Regular readers of this blog (all, well… ME of you…) will remember that a few months ago I went through a transformative personal crisis. As part of that experience, I took stock of my life, looked around, and realized that I really was not happy – with my circumstances or with myself. So I sat down and I made a list of the things about my life that made me unhappy. Then I made another list, of steps I could take to improve or fix those things. It’s been three and a half months since I began that process, and I’m glad to say I’ve made progress on several fronts.
Running and Fitness
Perhaps most impressively, in three months I’ve managed to lose almost 30 pounds and reduce my body fat by about 5 percent. According to Fitday, which I use to religiously track my caloric intake and exercise, I’ve gone from “obese” to “overweight,” and I’m steadily approaching “healthy” weight.
The secret to my success? First I stopped eating so much. For the first few weeks I was making the most of depression-inspired loss of appetite, and eating 800 calories a day or fewer. But I took advantage of that time and realized that it was possible to really significantly reduce my caloric intake. Until June, my average caloric intake each day was between 2,500 and 3,500 calories. Depending how much exercise I did, I’d burn between 3,000 and 4,000 calories a day. Today, because of my reduced body mass, I burn fewer calories even doing more exercise – generally between 2,200 and 4,000 calories daily. Unless I’m really indulging, though, I generally eat between 1,200 and 2,000 calories each day. I’ve cut out fats and processed carbohydrates as much as possible, and focus on vegetables and “natural” proteins from sources like eggs, lentils, and beans.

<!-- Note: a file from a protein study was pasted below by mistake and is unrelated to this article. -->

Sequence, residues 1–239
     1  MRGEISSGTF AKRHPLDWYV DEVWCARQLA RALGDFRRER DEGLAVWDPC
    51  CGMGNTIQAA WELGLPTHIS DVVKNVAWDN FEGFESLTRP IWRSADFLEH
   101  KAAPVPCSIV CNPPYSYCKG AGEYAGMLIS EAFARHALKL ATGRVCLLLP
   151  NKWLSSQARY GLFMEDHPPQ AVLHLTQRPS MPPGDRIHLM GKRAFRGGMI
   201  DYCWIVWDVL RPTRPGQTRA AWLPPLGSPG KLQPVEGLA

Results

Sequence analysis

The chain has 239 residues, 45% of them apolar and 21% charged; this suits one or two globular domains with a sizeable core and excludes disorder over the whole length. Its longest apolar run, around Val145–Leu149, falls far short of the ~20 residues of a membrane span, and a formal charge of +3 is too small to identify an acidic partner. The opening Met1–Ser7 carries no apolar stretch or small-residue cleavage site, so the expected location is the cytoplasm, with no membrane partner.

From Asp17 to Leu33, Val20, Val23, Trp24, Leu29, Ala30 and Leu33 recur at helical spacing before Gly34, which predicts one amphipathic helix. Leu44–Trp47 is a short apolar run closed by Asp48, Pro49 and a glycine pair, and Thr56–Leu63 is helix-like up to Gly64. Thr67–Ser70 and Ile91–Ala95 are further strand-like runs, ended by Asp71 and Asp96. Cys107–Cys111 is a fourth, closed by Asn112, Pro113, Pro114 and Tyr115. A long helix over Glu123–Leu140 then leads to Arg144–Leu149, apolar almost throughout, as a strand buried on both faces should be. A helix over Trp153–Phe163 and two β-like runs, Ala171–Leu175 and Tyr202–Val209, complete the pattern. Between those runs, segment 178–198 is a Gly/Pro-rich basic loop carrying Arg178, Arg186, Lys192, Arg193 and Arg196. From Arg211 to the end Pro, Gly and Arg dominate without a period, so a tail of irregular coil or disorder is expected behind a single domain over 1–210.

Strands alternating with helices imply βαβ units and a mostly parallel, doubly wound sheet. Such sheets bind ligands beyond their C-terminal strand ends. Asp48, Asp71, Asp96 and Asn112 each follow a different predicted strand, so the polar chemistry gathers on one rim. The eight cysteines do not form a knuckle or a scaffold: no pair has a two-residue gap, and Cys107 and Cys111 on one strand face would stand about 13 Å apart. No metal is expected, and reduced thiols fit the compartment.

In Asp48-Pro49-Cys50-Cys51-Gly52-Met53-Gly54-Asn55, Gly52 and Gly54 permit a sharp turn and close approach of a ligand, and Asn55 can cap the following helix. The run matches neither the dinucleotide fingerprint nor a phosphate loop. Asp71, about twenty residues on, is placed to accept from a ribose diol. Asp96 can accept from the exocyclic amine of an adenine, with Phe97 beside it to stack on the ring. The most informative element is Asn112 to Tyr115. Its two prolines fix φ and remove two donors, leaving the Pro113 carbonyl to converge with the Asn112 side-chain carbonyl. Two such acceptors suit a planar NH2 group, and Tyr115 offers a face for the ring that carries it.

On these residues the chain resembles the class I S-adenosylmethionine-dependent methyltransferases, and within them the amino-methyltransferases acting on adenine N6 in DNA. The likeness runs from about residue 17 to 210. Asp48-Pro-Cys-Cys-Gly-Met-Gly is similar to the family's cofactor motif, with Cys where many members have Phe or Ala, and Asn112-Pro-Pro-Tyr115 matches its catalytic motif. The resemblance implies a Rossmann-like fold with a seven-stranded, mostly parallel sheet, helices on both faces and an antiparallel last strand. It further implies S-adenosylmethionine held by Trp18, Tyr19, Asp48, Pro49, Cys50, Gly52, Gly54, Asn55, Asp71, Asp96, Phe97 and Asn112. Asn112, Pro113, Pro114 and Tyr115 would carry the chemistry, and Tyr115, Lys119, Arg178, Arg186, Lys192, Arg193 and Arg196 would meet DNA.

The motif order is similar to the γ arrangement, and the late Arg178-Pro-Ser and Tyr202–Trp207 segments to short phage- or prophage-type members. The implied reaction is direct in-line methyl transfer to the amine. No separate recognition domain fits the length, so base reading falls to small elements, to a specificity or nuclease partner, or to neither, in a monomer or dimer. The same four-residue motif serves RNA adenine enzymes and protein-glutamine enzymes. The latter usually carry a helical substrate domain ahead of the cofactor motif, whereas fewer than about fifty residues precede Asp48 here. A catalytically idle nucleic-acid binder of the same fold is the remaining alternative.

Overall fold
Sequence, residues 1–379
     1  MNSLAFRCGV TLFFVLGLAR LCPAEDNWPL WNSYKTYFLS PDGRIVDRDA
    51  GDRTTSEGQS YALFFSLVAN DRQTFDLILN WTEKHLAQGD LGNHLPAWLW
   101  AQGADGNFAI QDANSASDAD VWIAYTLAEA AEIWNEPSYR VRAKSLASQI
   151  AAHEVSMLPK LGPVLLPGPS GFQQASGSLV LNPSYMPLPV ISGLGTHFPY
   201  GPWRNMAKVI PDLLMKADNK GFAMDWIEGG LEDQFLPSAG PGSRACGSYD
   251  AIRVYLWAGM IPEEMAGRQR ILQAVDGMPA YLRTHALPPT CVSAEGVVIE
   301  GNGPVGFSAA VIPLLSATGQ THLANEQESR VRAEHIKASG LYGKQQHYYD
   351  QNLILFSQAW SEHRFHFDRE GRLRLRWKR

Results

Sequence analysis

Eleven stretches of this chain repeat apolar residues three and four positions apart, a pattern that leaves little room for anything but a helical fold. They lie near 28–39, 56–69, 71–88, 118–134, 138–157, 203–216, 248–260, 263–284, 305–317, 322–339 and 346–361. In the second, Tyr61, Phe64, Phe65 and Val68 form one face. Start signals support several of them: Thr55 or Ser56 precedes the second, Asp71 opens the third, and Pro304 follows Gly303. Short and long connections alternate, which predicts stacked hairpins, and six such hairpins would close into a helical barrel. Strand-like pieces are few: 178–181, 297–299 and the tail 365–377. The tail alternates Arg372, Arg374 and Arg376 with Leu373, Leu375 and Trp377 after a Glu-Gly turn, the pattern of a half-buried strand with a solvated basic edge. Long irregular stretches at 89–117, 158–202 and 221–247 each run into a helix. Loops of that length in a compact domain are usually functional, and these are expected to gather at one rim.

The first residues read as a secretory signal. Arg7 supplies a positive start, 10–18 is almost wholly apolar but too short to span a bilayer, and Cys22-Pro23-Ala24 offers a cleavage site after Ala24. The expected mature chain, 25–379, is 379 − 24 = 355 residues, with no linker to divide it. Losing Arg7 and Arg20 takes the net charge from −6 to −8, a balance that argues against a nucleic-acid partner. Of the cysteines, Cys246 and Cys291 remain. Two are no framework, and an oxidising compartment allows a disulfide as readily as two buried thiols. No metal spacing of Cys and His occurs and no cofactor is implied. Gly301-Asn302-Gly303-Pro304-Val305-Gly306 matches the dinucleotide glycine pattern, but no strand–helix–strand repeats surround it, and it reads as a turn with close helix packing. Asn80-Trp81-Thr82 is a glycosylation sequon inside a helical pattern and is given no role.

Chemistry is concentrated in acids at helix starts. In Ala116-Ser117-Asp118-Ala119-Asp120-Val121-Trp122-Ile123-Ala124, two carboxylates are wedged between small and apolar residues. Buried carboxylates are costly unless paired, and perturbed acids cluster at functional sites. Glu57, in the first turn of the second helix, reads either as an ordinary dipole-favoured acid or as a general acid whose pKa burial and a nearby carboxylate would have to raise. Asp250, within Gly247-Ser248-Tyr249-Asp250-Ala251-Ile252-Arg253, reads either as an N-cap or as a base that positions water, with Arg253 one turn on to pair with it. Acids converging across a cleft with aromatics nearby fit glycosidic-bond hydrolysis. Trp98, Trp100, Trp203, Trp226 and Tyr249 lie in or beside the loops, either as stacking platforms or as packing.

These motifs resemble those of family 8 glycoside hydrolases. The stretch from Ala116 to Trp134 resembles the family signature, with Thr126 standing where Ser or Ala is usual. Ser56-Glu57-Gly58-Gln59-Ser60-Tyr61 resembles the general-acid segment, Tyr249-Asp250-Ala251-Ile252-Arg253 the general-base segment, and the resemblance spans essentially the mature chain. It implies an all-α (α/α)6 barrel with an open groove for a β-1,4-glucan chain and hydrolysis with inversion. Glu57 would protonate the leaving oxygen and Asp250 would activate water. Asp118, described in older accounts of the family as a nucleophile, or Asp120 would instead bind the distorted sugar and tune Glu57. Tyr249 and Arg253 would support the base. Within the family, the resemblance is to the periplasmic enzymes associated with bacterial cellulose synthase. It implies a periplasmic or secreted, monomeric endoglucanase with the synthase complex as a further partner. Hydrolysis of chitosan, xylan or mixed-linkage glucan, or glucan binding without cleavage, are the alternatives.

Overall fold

The other component, of course, is exercise. Since early May I have been lifting weights three times a week almost every week, and I credit that with a lot of my body fat reduction. I can easily see the differences in the mirror. The one thing this experience has taught me, though, is that no amount of exercise will lead to weight loss by itself – the majority of successful weight loss is in reducing your diet. Continue Reading